Marissa Mayer’s recent call for Yahoo! employees to return to the office sparked a discussion with a colleague.
In the early 80’s (!), when I worked for HP, there were twice-daily breaks with coffee, tea, and food. Donuts in the morning, cookies in the afternoon. Five days a week. (Along with the Friday beer busts.) This tradition had been in place for years. Disparate groups congregated around the food and yakked – about fishing, music, movies, family – and about work, including research & development challenges, manufacturing issues, and the like. Around the coffee and donuts, problems were illuminated, elevated, and solved.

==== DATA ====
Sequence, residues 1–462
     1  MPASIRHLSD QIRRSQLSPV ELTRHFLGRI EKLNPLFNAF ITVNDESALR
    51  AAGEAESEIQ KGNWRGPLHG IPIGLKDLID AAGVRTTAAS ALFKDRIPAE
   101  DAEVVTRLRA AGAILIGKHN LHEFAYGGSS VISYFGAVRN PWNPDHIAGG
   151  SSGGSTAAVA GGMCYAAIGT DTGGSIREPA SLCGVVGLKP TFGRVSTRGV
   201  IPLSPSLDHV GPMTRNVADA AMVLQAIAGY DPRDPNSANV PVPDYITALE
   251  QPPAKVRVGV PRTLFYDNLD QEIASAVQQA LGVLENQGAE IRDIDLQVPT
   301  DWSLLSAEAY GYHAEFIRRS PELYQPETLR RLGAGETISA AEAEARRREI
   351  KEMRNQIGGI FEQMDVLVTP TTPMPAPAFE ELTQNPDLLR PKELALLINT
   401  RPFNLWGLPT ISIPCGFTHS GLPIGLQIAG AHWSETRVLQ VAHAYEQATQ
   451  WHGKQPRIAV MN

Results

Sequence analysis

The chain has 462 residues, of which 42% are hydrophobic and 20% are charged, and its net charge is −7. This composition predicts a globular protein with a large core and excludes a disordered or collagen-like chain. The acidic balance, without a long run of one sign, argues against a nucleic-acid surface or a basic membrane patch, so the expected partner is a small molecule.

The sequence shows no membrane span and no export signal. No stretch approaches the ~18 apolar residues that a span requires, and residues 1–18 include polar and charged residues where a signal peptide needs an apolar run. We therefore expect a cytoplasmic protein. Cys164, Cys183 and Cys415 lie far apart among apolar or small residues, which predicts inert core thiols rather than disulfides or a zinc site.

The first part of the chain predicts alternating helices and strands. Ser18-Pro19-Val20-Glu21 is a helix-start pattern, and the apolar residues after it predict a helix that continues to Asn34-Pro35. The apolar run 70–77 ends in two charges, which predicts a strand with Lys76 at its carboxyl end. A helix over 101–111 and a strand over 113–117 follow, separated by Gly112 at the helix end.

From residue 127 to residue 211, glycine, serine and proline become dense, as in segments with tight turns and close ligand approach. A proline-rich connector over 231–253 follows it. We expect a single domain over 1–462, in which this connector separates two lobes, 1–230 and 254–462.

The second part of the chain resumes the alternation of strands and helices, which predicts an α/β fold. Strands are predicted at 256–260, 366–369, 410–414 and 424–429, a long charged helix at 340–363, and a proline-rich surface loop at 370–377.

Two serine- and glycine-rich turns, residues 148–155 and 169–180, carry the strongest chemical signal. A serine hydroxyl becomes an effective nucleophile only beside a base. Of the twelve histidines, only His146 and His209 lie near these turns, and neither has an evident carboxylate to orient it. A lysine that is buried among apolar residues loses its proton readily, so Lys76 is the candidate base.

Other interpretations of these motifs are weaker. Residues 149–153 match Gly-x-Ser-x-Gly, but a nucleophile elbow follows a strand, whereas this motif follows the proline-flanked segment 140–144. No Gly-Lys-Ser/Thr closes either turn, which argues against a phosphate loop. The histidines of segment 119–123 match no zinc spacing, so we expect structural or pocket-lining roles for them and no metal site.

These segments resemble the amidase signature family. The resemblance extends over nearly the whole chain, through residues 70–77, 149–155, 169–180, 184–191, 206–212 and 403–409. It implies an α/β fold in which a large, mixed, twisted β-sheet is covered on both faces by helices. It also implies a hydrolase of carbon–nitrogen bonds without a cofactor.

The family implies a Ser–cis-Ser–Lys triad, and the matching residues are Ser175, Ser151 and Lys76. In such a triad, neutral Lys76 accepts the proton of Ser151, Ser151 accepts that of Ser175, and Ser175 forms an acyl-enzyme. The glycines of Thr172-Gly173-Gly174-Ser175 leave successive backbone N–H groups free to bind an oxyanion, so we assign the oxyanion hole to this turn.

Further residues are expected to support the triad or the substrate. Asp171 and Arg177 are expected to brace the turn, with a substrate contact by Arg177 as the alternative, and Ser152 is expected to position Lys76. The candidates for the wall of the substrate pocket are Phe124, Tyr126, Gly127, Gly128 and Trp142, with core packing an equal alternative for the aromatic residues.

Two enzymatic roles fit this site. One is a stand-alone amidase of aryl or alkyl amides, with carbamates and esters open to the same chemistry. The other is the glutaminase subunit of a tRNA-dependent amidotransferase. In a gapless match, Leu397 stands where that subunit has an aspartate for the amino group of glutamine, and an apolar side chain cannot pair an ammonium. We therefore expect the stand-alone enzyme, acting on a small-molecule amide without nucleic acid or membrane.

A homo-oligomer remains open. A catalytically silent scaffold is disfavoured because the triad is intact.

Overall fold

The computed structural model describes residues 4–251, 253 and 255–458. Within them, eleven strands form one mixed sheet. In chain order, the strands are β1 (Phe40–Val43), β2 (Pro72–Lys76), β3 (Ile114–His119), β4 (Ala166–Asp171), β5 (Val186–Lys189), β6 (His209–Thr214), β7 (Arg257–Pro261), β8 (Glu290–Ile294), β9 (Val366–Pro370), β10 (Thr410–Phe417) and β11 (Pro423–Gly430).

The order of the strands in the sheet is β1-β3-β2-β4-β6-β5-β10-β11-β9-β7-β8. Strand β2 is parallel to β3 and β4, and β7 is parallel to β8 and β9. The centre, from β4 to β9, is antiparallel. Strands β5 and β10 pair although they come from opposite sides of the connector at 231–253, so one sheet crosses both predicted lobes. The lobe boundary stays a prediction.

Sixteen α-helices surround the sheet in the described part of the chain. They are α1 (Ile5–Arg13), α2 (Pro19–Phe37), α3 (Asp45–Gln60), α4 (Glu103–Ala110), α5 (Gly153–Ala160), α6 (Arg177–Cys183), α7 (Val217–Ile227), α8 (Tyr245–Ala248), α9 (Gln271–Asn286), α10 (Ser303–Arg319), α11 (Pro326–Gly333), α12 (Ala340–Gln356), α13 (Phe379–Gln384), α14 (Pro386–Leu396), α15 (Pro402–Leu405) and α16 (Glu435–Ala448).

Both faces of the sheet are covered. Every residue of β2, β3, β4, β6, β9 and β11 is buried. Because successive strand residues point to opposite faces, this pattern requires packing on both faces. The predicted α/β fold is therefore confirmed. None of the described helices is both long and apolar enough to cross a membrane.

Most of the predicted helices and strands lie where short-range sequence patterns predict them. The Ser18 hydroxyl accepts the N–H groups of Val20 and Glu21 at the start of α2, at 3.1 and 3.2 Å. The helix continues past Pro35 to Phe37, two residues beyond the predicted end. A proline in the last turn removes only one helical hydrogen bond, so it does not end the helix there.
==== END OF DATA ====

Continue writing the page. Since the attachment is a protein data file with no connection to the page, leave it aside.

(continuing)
Sometime during the mid-80’s, the powers-that-be decided that the cost of the donuts and cookies wasn’t appropriate. Or, perhaps, the discussion of fishing and family put them off. So the snacks were removed. And the crowd around the break table diminished.
Later, the coffee and tea were banished to “break rooms.”
As I remarked to my colleague, “Did HP save a million dollars in donuts, or lose a billion dollars in idea exchange that never happened?” (Look at the company today…)
Mayer’s move to get people back to the office might not be the only one needed; or even exactly the right choice. (Many nuances and open questions, including the revelation that examination of employee VPN logs might have been the motivator.) But learning and problem-solving occurs when people say “could you come look at this and tell me what you think?” And that doesn’t often happen in the virtual world, despite IM, Skype, and what-have-you.
Sadly, without the right catalyst, it might not even happen in the office.